Talk to the Veterans Crisis Line now
U.S. flag
An official website of the United States government

VA Health Systems Research

Go to the VA ORD website
Go to the QUERI website

HSR&D Citation Abstract

Search | Search by Center | Search by Source | Keywords in Title

Validity of the Single-Item Screen-Cannabis (SIS-C) for Cannabis Use Disorder Screening in Routine Care.

Matson TE, Lapham GT, Bobb JF, Oliver M, Hallgren KA, Williams EC, Bradley KA. Validity of the Single-Item Screen-Cannabis (SIS-C) for Cannabis Use Disorder Screening in Routine Care. JAMA Network Open. 2022 Nov 1; 5(11):e2239772.

Dimensions for VA is a web-based tool available to VA staff that enables detailed searches of published research and research projects.

If you have VA-Intranet access, click here for more information

VA staff not currently on the VA network can access Dimensions by registering for an account using their VA email address.
   Search Dimensions for VA for this citation
* Don't have VA-internal network access or a VA email address? Try searching the free-to-the-public version of Dimensions


Importance: Cannabis use is prevalent and increasing, and frequent use intensifies the risk of cannabis use disorder (CUD). CUD is underrecognized in medical settings, but a validated single-item cannabis screen could increase recognition. Objective: To evaluate the Single-Item Screen-Cannabis (SIS-C), administered and documented in routine primary care, compared with a confidential reference standard measure of CUD. Design, Setting, and Participants: This diagnostic study included a sample of adult patients who completed routine cannabis screening between January 28 and September 12, 2019, and were randomly selected for a confidential survey about cannabis use. Random sampling was stratified by frequency of past-year use and race and ethnicity. The study was conducted at an integrated health system in Washington state, where adult cannabis use is legal. Data were analyzed from May 2021 to March 2022. Exposures: The SIS-C asks about frequency of past-year cannabis use with responses (none, less than monthly, monthly, weekly, daily or almost daily) documented in patients' medical records. Main Outcomes and Measures: The Diagnostic and Statistical Manual, Fifth Edition (DSM-5) Composite International Diagnostic Interview-Substance Abuse Module (CIDI-SAM) for past-year CUD was completed on a confidential survey and considered the reference standard. The SIS-C was compared with 2 or more criteria on the CIDI-SAM, consistent with CUD. All analyses were weighted, accounting for survey design and nonresponse, to obtain estimates representative of the health system primary care population. Results: Of 5000 sampled adult patients, 1688 responded to the cannabis survey (34% response rate). Patients were predominantly middle-aged (weighted mean [SD] age, 50.7 [18.1]), female or women (weighted proportion [SE], 55.9% [4.1]), non-Hispanic (weighted proportion [SE], 96.7% [1.0]), and White (weighted proportion [SE], 74.2% [3.7]). Approximately 6.6% of patients met criteria for past-year CUD. The SIS-C had an area under receiver operating characteristic curve of 0.89 (95% CI, 0.78-0.96) for identifying CUD. A threshold of less than monthly cannabis use balanced sensitivity (0.88) and specificity (0.83) for detecting CUD. In populations with a 6% prevalence of CUD, predictive values of a positive screen ranged from 17% to 34%, while predictive values of a negative screen ranged from 97% to 100%. Conclusions and Relevance: In this diagnostic study, the SIS-C had excellent performance characteristics in routine care as a screen for CUD. While high negative predictive values suggest that the SIS-C accurately identifies patients without CUD, low positive predictive values indicate a need for further diagnostic assessment following positive results when screening for CUD in primary care.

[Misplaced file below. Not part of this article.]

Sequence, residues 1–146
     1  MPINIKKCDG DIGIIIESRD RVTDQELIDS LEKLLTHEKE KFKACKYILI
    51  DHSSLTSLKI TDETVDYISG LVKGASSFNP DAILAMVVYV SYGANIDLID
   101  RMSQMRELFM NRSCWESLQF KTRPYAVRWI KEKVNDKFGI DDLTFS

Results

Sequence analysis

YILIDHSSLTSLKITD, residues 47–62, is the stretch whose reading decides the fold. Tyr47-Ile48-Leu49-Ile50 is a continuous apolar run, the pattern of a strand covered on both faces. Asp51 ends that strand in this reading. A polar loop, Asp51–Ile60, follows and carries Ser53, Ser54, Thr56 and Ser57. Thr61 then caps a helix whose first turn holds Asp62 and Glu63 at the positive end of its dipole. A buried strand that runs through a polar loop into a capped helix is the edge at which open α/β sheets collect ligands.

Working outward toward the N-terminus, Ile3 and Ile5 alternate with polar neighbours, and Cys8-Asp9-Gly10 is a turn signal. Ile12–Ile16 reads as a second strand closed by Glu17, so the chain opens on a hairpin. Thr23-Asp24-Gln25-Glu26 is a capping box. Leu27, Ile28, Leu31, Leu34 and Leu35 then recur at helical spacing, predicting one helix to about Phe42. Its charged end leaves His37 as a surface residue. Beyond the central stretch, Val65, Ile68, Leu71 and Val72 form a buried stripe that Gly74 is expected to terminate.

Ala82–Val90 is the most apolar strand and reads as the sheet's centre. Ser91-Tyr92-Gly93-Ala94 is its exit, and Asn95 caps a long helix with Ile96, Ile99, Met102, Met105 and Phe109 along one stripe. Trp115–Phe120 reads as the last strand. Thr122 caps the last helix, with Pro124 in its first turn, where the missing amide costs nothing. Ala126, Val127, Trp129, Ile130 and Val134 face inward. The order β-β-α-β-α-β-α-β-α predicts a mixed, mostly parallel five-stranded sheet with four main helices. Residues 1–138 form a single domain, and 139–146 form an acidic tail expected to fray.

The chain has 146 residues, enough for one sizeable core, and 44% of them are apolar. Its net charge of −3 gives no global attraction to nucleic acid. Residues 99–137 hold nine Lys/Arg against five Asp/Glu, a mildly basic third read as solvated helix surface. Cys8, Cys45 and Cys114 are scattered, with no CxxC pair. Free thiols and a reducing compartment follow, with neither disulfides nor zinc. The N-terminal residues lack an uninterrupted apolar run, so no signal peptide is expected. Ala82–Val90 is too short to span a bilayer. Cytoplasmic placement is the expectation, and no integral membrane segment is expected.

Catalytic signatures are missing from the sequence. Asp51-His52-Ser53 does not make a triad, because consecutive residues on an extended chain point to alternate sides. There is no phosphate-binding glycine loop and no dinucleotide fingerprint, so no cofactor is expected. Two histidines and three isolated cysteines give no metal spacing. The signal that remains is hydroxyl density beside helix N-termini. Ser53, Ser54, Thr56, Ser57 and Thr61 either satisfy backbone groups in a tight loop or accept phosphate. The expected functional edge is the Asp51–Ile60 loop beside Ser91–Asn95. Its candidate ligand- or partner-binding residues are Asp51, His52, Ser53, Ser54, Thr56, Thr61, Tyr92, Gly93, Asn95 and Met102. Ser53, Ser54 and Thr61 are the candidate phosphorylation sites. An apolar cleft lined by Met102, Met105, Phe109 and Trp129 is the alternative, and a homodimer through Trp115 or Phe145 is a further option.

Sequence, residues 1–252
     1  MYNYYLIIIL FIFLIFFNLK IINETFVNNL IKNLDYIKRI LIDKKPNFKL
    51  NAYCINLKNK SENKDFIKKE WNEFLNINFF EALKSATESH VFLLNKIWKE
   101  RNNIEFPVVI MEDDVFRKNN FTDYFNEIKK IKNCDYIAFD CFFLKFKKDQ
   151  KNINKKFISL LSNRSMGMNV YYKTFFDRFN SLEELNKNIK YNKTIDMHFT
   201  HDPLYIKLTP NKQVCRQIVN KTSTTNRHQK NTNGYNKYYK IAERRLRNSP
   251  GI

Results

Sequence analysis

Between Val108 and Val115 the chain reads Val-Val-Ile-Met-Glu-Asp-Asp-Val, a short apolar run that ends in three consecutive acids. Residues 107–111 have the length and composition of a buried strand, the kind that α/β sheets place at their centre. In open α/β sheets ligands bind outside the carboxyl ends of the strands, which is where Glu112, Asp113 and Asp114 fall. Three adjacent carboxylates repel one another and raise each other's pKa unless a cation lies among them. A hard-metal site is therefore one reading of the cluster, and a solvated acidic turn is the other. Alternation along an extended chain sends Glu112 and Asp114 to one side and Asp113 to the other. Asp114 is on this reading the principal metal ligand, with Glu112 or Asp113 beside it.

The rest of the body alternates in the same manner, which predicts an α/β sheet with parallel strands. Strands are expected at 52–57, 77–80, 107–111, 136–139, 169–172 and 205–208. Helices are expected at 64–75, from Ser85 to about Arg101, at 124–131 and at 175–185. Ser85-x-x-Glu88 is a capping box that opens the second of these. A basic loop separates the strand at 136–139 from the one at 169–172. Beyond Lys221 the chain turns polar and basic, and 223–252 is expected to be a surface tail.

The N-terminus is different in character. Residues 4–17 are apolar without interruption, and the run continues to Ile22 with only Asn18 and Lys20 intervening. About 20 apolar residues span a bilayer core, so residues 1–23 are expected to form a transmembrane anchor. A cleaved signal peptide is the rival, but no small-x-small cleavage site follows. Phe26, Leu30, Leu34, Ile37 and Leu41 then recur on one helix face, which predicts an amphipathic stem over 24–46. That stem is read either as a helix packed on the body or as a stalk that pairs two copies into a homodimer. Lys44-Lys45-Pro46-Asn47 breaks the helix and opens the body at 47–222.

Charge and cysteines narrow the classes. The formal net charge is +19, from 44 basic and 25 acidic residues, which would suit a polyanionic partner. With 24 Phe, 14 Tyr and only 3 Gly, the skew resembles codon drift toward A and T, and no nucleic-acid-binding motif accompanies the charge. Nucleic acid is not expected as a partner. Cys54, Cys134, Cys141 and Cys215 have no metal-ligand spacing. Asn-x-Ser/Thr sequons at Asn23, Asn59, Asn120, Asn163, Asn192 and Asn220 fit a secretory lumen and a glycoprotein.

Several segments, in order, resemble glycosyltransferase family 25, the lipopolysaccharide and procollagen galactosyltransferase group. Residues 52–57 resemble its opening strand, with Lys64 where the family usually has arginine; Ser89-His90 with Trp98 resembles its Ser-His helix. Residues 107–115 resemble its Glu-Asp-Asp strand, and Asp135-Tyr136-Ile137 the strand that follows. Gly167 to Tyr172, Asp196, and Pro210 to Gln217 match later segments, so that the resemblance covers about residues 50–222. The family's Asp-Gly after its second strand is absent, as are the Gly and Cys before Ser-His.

Questions about the HSR website? Email the Web Team

Any health information on this website is strictly for informational purposes and is not intended as medical advice. It should not be used to diagnose or treat any condition.